Was Pyotr Tchaikovsky a pious man? I don’t think so. But he was the master of melodies in his time. And as such he was keenly aware of Russia’s rich tradition of liturgical songs. Never one to leave something untried, he set out in 1881 to study traditional chants for an All-night vigil, a service of the Russian-Orthodox church celebrated the eve of Sundays and major liturgical feasts. It would become the “Hymns of the All Night Vigil”, Op. 52 for choir only. The Academic Choir Glinka under Vladislav Tchernushenko has recorded this unusual and little known piece of music.
Away with Italian elements
“It is an attempt, modest certainly, to fight against the horrible style established by Bortnyansky”, he lambasted in a letter to his editor Pyotr Jurgenson. Dmitry Bortnyansky was the head of the Imperial Chapel and grand master of all Russian-Orthodox liturgical music. Too much Italian influence, too many playful and lofty elements distracting from the essence, the religious message. “I intend to reintroduce austerity to our church music, that has been denatured and spoiled in the edition of the Imperial Chapel.” Thus Tchaikovsky eliminated all elements deemed Italian and harmonised the different chants in the specific sequence as they were to be performed during service.
…but no experiments!
The cycle is made of 17 different chants partly originating from the Byzantine, the Greek-Orthodox and the Kiev tradition, Kiev being the capital city of the first Russian state, the Rus of Kiev (1054-1237). The general tonality is G major, and Tchaikovsky does not permit himself any experiments. As befits the nature of this specific music, his transformations are subtle and conservative, but his works combines the sobriety of a prayer with solemn melodies that warm my heart and comfort my soul even though I don’t understand the Russian text.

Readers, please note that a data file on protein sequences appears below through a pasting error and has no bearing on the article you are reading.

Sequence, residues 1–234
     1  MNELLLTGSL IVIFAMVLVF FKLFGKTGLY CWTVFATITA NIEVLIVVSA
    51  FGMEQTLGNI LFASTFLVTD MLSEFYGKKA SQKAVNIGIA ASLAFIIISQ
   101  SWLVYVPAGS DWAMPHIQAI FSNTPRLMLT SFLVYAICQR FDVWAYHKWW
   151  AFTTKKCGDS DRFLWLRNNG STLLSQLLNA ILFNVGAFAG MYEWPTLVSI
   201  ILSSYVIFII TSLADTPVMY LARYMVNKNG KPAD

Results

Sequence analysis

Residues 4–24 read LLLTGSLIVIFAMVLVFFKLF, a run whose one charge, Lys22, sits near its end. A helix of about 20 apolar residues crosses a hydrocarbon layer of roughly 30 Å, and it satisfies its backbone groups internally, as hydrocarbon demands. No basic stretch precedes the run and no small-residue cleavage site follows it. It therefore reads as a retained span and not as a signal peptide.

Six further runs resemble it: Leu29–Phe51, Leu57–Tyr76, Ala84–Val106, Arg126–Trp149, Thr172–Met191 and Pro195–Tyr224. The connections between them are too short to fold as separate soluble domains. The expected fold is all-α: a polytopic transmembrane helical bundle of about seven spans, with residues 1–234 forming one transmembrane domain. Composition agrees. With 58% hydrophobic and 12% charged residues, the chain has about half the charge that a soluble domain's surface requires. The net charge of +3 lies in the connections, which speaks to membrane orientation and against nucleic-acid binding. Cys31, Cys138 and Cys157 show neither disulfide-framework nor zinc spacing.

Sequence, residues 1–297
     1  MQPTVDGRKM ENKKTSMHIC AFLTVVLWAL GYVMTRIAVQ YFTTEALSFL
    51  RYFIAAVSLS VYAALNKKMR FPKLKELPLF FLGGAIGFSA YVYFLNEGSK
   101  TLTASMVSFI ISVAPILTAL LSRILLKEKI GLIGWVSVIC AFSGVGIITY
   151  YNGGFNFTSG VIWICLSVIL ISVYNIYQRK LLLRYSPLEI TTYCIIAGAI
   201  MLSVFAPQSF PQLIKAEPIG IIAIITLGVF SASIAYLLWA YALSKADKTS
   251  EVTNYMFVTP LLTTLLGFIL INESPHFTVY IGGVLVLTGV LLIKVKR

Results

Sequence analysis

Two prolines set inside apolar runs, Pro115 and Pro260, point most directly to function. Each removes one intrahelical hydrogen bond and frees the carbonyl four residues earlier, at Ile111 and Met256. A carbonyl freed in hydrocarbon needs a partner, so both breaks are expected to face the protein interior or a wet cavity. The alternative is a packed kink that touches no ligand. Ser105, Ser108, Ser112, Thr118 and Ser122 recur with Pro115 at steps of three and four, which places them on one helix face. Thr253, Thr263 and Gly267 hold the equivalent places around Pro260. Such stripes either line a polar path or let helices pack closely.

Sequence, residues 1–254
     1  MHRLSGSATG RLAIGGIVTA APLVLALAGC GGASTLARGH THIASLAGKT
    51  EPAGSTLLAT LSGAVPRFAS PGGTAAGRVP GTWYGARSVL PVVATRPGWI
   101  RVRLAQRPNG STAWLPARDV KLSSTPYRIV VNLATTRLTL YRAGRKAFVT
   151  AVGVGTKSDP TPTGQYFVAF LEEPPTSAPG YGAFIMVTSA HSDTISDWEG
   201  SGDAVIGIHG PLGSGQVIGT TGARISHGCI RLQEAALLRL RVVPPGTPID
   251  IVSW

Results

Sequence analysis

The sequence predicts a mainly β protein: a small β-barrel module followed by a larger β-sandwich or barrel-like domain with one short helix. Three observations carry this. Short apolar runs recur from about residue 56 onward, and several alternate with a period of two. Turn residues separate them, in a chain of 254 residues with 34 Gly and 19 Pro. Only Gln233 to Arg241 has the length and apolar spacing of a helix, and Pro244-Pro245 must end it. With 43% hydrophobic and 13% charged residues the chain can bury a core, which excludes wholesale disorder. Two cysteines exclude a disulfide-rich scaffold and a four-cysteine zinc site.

Today, it’s All Saints Day and since the 8th century Catholics remember on this day their saints, their martyrs and their pious forefathers. The Russian-Orthodox church celebrates this on the first Sunday after Pentecost. I thought it the appropriate day to discover a new facet of my favourite Russian composer. Time for meditation.
© Charles Thibo
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